I am planning to buy a new car at the end of this month. I believe I am long overdue for a change – I am driving a 15-year-old Nissan Altima with a busted radio, no air conditioning and patches of rust around its exterior. It also just started making funny noises, which may not be that funny if the vehicle conks out on a lonely highway or at a busy intersection.
No, you haven't tuned into ‘Car Talk’ by mistake. I am mentioning my dying car because there comes a time when you have to get rid of things that longer work properly. If something isn't worth fixing, it is usually a good idea to get rid of it.
That logic is being employed by Rep. Steve King, R-Iowa, who has been talking up a proposal to scrap the Community Reinvestment Act of 1977 (CRA). King claims CRA is a ‘costly mandate’ and that it encouraged banks to lend money to people who could not repay their borrowed funds. King feels CRA isn't worth fixing, so it needs to go.
CRA, of course, never encouraged irresponsible lending. If anything, it put the onus on financial institutions to create and maintain highly responsible lending to urban and rural communities that were long denied access to credit. As the New York Times pointed out last week, CRA encouraged the investment of more than $4.5 trillion in the past three decades. For many communities, particularly where the demographics were predominantly African American and Hispanic, CRA funds helped create a first generation of homeowners.
Running simultaneous to this attack on CRA is another smack against ACORN, a 38-year-old nonprofit group that has been among the most vocal supporters of CRA. ACORN has suddenly become the new villain in Sen. John McCain's escalating attacks against his rival in the presidential campaign, Sen. Barack Obama. McCain has charged ACORN with mass voter registration fraud designed to favor an Obama victory.
But why ACORN? There are many groups trying to register voters that would favor the Democratic presidential candidate. I suspect ACORN is being targeted because McCain wants to secure support among the financial community. Anyone who has worked in banking and insurance will recognize the ACORN name for its accusations of redlining and other dubious practices by the nation's financial services providers. As I see it, ACORN is being singled out by McCain as a thinly veiled message to the industry: I stand with you against these community development busybodies. No one asked McCain if he supports the King proposal, but I wouldn't be surprised if he found merits in that plan.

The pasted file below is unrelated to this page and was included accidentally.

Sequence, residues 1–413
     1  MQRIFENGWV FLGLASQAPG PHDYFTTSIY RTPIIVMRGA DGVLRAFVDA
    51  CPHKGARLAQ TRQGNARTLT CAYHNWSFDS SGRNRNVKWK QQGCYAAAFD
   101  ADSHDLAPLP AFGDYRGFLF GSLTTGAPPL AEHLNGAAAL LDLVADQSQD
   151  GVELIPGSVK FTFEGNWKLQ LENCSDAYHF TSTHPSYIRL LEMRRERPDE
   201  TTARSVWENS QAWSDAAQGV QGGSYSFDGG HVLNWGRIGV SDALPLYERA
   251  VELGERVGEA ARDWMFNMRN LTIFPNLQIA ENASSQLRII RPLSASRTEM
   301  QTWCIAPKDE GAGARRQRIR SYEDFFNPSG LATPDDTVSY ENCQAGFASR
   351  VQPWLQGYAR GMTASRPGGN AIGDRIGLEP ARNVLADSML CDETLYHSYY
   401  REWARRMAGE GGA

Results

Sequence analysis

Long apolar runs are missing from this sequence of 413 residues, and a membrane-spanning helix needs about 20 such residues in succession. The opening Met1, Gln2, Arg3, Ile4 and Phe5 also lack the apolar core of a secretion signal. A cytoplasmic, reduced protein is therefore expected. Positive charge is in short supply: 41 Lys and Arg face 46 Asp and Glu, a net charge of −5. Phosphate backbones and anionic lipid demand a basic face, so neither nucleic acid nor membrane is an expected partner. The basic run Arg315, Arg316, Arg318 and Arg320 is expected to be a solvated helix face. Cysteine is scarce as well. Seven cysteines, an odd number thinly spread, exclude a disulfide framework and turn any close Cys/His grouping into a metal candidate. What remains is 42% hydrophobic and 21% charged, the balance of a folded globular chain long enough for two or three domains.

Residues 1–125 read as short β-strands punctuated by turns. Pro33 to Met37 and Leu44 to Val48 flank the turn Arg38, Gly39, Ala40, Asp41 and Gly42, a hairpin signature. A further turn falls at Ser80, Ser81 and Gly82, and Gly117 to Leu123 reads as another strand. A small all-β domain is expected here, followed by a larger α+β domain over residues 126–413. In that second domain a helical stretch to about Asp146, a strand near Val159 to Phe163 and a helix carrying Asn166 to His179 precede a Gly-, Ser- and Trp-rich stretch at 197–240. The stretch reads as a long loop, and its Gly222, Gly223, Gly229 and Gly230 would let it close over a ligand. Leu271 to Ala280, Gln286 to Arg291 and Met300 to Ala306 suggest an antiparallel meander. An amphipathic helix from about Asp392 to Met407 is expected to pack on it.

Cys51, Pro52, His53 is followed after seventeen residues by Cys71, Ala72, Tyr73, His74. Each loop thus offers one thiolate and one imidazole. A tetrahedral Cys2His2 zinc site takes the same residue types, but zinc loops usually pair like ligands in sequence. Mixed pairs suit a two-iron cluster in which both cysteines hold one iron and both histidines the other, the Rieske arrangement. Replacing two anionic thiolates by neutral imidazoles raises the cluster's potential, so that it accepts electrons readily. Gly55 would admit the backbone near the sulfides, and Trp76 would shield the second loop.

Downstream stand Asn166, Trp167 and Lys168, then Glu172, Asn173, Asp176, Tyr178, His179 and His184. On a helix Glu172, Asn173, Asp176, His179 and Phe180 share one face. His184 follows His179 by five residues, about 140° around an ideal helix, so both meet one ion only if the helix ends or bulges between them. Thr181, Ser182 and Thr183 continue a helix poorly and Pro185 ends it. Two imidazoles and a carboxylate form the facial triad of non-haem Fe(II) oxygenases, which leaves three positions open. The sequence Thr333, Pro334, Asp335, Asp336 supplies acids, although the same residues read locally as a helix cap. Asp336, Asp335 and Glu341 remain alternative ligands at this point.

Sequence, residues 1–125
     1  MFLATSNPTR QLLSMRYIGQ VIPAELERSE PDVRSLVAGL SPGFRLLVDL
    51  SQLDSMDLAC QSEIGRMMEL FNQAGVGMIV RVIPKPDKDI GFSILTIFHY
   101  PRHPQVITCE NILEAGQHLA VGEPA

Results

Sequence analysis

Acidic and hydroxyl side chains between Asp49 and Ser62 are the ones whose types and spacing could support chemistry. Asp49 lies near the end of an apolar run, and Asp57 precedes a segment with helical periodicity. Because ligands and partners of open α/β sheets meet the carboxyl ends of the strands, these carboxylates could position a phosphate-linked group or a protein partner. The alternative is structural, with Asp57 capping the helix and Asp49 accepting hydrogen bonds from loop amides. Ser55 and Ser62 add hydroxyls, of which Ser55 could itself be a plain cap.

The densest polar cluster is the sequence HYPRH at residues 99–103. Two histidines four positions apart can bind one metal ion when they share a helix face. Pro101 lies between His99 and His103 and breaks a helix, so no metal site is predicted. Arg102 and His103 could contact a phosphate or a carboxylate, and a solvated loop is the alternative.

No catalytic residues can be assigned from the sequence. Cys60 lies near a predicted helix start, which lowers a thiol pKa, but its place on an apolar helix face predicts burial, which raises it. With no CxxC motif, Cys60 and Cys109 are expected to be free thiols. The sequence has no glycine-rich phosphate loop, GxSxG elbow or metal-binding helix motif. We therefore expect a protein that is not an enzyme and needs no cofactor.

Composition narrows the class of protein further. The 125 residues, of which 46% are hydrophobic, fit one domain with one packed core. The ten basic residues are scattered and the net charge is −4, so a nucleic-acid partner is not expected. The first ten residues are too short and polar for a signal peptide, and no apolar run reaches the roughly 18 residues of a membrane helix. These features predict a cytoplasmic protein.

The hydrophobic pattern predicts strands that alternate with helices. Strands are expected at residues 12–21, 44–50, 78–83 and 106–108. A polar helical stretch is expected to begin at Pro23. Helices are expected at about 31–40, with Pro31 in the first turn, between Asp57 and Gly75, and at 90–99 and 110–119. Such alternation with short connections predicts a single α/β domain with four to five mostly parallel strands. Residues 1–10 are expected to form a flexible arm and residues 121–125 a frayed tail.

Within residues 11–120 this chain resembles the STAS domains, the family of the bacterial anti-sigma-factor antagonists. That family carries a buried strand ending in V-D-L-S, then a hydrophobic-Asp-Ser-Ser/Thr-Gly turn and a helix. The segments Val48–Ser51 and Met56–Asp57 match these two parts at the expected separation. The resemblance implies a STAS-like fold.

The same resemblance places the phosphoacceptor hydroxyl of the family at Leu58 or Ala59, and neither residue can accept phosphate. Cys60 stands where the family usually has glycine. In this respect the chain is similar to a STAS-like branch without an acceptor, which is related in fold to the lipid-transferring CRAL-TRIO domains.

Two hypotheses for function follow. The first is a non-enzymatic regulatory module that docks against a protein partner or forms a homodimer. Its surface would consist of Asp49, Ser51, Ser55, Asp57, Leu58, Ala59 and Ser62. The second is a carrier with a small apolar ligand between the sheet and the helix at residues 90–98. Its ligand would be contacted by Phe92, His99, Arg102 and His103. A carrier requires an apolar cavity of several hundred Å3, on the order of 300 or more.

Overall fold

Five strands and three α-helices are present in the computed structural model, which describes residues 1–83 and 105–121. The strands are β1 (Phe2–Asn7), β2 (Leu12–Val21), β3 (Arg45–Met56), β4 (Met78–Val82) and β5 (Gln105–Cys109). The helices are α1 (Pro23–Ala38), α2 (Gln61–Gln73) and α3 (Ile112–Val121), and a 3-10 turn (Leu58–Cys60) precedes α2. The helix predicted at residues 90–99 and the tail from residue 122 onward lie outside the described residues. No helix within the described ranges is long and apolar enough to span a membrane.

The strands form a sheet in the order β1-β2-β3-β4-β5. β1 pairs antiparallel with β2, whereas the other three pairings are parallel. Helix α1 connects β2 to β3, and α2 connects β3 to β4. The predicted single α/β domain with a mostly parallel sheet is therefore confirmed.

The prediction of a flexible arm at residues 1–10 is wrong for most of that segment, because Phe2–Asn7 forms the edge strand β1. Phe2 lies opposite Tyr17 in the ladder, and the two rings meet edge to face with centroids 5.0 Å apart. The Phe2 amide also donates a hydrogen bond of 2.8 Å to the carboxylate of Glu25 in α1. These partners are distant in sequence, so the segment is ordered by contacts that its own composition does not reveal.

But the problem isn't ACORN, just as the problem isn't CRA. Today's crisis was spurred by recklessness at a mass level: by lenders who failed to conduct proper risk management and due diligence, by borrowers who made purchases far beyond their means, by federal regulators and elected officials who refused to acknowledge there was a serious problem until it was too late, and by industry leadership that was not willing (and, to a large extent, is still unwilling) to admit they dropped the ball.
Unlike my ailing old car, CRA isn't broken, and it doesn't need to be fixed. And just as it would be silly to blame ACORN for the dilapidation of my vehicle, trying to turn that venerable community advocacy group into a hideous threat to national and industry well-being is inane. Nothing is going to be fixed if we try to create scapegoats where they don't belong.
– Phil Hall, Secondary Marketing Executive